By: Robert Davis
The federal Gun Free School Zone Act and Illinois state law ban concealed carry on school property by anyone except active-duty military and law enforcement, but teachers in the state have been calling for a change in the law for years, and support has surged following 2018’s school shootings.
‘We Need Another Way’
Valinda Rowe, spokesperson for Illinois Carry, says local school boards have been contacting her organization for some time asking what they and their teachers need to do to protect students.
“Local school boards contacted us after Illinois’ concealed carry passed in 2013, and first issued in 2014,” Rowe told Gunpowder Magazine. “When [the Parkland, Florida school shooting] happened, there was a school resource officer on scene [who] did not help save lives. Prior to Parkland, we already had school boards contacting us, asking, ‘What can we do? What do we need to protect students?’ They were already asking the right questions: ‘What else can we do, rather than waiting for someone to come in to help us? We need another way.’”
‘An Outpouring of Support from Teachers’
Illinois was the last state in the union to pass concealed carry laws after two lawsuits – Moore v. Madigan and Shepherd v. Madigan – were decided in 2012.
Firearms instructor Tom Dorsch, director of On Site Target in Crystal Lake, Illinois, has witnessed first-hand teachers’ eagerness to learn about and become trained in using firearms.
“Not all teachers should be armed,” Dorsch said. “Not all of them are up to the task. All willing teachers should be allowed to carry, however. I had an overwhelming response of over 400 teachers and faculty taking my class … We had an outpouring of support from teachers. A lot of teachers take the class just for information on shooting, how guns work, and [to learn] what’s expected of concealed carry [holders]. Some have no intention of carrying at all. All teachers and school personnel should have this knowledge, though. Teachers may not be the ones responding. An administrator or custodian who has taken the class may be the one responding.
“I typically go around the room and ask them to give me their life story to determine whether or not they will be the ones learning how to shoot or if they are just learning information,” Dorsch said. “Most of them say they want to protect their kids, and right now they can’t except by barricading the door. Others want training just in case there is a gun present.”
Mark Maggos, chief instructor at Trigger Talent in Godfrey, Illinois, has also seen a recent rise in the number of teachers interested in taking his classes.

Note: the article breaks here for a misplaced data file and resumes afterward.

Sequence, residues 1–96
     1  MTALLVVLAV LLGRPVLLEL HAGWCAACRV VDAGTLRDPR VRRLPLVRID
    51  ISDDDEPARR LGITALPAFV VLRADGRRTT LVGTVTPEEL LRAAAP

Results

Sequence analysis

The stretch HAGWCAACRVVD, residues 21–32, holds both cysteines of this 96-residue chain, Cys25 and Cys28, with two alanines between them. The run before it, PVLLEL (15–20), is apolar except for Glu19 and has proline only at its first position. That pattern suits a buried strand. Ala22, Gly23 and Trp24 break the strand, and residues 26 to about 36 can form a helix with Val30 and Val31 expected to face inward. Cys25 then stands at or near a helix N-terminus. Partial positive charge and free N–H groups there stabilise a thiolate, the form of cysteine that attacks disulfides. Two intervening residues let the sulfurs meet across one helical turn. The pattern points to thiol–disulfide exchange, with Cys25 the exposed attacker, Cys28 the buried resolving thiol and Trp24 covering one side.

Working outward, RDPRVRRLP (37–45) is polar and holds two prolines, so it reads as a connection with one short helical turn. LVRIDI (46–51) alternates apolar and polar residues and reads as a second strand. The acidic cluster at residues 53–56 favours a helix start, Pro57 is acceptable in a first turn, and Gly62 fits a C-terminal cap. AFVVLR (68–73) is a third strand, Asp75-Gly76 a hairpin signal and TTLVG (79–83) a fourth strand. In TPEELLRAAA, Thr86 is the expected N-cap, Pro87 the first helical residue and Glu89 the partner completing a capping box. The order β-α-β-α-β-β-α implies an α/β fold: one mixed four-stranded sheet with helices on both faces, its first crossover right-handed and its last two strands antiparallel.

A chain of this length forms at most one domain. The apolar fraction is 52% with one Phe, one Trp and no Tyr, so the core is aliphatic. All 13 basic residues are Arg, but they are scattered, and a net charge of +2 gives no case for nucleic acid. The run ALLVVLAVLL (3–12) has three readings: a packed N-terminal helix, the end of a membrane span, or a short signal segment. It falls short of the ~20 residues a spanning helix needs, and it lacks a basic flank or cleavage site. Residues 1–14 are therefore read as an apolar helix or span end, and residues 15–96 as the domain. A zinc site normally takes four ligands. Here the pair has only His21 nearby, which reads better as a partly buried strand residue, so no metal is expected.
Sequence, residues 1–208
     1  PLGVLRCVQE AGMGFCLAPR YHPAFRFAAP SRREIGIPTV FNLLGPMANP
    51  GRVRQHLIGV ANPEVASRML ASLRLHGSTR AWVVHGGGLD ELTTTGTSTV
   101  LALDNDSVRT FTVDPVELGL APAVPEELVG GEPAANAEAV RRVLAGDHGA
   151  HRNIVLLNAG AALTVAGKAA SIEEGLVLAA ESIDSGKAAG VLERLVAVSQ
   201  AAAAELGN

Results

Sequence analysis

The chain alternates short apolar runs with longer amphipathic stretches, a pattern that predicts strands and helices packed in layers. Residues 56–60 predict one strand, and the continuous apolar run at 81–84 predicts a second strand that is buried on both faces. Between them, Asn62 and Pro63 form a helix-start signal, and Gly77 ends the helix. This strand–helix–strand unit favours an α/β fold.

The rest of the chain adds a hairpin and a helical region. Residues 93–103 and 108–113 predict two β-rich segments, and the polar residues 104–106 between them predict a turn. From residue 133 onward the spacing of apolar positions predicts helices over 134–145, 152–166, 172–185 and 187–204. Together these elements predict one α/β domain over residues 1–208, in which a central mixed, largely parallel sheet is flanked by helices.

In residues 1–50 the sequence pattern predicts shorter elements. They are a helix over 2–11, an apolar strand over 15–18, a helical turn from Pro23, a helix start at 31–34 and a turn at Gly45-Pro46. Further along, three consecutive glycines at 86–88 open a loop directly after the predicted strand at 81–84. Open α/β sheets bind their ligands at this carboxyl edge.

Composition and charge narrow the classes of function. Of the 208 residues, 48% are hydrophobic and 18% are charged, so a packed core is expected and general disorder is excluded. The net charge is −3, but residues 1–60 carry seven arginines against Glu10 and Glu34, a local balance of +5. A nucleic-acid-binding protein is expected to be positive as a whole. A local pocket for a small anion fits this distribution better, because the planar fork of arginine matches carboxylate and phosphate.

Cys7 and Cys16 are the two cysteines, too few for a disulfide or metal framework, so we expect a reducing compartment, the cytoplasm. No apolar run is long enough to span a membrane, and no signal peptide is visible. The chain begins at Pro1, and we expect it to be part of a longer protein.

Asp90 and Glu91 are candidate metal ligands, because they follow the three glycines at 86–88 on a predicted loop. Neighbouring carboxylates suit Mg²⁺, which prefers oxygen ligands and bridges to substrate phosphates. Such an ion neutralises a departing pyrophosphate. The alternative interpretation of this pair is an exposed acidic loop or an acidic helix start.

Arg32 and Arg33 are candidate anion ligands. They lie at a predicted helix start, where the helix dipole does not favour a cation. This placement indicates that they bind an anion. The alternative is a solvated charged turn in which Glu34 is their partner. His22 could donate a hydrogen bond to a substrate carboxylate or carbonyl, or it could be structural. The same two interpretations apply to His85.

“Teachers have been coming to me for five or more years,” Maggos said. “I offered a special class that was free a couple months ago, and 40 teachers signed up two hours after I posted it on Facebook. I had 40 more on a waiting list.”
Maggos is also focused on the uphill legislative battle Illinois teachers face.
“A lot of [teachers] want [to take my class] because it’s free, but I had a stipulation that they had to be proponents of teachers carrying in school,” Maggos said. “If they’re not willing to push the agenda, then it’s not worth it to me. I lost $4,000 in income after fees from doing the free classes. A lot of teachers want the law to change and to carry in their personal lives if it doesn’t change. A lot of counties here in Illinois are starting grassroots-level, non-binding agreements with their local school boards to petition for the law to change as well.”
Change: ‘It Could Take a Long Time’
Local school boards are in the process of signing the 2018 Student Safety and Protection Resolution, which will then be sent to the Illinois Association of School Boards (IASB) and onto Washington, D.C. The resolution would grant school boards the freedom to allow trained and qualified teachers to carry firearms.
Rowe says schools ultimately want to be in charge of their own safety programs.
“It could take a long time,” Rowe said. “School boards are asking for local control to be returned back to school boards. They think that’s the best way to protect students. They’re not seeking a requirement for handguns in schools. They’re looking at and passing a resolution that would return local control to school boards to determine who can be a part of the school security team. Some have former law enforcement or former military [personnel] and want to be able to use them. If they can get the [IASB] on board, it could propel the issue to other legislators.”
Robert Davis is a journalist from Colorado. He covers defensive gun use and Second Amendment policy for Gunpowder Magazine. Contact him at RobertDavis0414@gmail.com.